100 Americans Making Constitutional History: A Biographical History presents 100 profiles of the key people behind some of the most important U.S. Supreme Court cases. Edited by Melvin I. Urofsky, a respected constitutional historian, each 2,000-word profile delves into the social and political context behind landmark Court decisions. For example, while a case like Brown v. Board of Education is about an important idea—the equal protection of the law—at its heart it is the story of a little girl, Linda Brown, who wanted to go to a decent school near her home. The outcome is accessible and objective “stories” about the individuals—heroes and scoundrels—who fought their way to constitutional history.
The Fight for Civil Rights in Arkansas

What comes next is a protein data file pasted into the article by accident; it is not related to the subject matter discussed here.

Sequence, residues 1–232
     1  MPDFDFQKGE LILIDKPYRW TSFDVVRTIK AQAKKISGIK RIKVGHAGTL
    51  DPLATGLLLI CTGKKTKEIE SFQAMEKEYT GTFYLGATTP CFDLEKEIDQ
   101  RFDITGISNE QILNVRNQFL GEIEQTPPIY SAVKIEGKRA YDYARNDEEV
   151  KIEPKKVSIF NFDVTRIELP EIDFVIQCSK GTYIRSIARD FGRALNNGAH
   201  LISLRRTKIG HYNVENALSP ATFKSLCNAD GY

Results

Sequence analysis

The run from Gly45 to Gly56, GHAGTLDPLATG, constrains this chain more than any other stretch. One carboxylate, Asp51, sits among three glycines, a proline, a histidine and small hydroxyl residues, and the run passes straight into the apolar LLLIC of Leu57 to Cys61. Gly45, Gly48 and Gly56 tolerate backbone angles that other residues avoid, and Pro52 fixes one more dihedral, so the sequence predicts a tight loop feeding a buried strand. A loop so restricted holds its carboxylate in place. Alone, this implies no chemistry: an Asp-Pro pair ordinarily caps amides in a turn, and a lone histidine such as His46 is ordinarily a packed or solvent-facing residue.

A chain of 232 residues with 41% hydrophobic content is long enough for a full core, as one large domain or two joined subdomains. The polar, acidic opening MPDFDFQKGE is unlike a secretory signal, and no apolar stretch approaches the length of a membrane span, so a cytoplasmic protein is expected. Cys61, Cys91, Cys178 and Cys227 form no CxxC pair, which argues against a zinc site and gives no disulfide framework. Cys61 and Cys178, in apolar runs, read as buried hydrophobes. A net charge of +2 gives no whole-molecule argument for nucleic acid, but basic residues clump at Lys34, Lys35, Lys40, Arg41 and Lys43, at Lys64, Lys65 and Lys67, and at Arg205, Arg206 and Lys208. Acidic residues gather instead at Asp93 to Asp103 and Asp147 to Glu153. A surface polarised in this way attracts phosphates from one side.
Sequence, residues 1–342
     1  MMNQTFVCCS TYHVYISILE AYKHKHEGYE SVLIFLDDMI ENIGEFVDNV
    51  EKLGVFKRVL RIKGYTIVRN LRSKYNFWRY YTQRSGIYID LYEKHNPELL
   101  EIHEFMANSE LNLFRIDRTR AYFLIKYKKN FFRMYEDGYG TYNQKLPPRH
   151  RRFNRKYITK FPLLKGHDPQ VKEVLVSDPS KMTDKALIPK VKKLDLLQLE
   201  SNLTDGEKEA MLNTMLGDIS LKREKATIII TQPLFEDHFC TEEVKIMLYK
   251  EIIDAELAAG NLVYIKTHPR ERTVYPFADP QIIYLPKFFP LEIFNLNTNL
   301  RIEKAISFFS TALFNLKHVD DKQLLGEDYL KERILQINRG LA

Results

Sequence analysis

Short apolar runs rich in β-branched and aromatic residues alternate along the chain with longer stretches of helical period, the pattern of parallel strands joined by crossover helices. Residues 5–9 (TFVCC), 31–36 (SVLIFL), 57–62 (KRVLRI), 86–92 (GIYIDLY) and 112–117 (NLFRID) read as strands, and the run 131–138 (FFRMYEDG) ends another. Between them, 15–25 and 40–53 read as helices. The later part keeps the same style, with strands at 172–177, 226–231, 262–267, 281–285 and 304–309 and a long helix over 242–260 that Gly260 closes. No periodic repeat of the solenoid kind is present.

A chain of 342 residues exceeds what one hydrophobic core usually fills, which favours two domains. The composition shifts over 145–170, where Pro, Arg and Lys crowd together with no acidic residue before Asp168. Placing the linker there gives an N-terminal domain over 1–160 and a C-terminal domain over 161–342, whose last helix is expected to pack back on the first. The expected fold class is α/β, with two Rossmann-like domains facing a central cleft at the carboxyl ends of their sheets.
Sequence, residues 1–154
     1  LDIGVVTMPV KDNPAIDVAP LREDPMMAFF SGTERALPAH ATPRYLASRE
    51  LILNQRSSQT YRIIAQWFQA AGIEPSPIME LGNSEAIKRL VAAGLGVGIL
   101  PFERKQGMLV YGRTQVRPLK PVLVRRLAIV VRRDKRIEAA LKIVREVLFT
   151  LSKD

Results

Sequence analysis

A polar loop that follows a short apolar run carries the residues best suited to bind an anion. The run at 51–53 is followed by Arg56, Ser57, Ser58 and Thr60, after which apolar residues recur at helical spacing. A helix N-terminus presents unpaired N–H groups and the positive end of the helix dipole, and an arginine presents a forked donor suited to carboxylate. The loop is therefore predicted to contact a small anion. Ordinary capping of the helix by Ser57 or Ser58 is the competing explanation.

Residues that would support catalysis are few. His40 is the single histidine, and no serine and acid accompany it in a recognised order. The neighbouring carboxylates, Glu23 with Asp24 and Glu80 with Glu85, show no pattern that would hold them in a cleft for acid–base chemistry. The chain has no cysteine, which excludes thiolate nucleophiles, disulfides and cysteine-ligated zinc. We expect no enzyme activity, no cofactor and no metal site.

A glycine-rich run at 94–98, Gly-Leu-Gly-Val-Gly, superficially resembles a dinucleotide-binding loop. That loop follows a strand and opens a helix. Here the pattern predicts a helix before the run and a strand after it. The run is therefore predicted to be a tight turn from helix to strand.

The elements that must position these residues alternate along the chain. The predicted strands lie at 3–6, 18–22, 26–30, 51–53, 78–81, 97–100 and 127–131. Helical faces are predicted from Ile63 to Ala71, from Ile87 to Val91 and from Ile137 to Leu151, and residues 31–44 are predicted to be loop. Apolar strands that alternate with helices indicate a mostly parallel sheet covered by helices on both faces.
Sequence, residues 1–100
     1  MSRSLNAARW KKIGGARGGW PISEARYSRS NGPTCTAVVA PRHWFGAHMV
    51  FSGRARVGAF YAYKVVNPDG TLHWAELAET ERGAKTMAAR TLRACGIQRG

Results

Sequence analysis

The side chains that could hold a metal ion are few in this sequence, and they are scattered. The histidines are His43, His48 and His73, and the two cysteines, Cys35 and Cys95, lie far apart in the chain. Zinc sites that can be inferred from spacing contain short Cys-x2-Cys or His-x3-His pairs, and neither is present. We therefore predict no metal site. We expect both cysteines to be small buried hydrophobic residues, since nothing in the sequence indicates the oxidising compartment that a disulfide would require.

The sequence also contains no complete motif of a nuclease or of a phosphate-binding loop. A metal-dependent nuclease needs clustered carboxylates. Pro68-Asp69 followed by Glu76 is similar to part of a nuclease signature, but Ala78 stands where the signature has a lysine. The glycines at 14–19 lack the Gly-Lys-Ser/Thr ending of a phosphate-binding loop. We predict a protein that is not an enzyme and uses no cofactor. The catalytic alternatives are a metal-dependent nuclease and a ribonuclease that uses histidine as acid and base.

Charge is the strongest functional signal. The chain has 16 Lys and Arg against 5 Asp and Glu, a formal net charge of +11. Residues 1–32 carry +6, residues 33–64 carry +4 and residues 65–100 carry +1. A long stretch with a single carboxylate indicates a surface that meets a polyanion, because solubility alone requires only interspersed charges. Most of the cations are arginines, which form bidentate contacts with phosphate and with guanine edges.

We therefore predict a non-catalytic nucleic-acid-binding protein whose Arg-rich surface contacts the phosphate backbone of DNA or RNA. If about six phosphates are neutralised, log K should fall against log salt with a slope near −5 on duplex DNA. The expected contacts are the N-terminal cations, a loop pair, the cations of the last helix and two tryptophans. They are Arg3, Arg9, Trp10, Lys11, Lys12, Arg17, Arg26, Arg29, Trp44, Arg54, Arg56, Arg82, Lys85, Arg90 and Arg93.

“The Right of Peaceable Assembly … Lie[s] at the Foundation of Government”
Bates v. City of Little Rock
361 U.S. 516 (1960)
Daisy Lee Gatson Bates (c. 1920–1999) stands as the most significant figure in the civil rights movement in Arkansas and certainly among the most important women civil rights activists of the 1950s and early 1960s. Born probably in 1920 (some sources indicate 1912 or 1914) in the tiny southern Arkansas community of Huttig, a sawmill town in Union County, Daisy Gatson grew up amidst the poverty and violence that typified the rural South of that day. When Gatson was a baby, her mother was murdered, allegedly by three white men, and her father left town. She never knew ...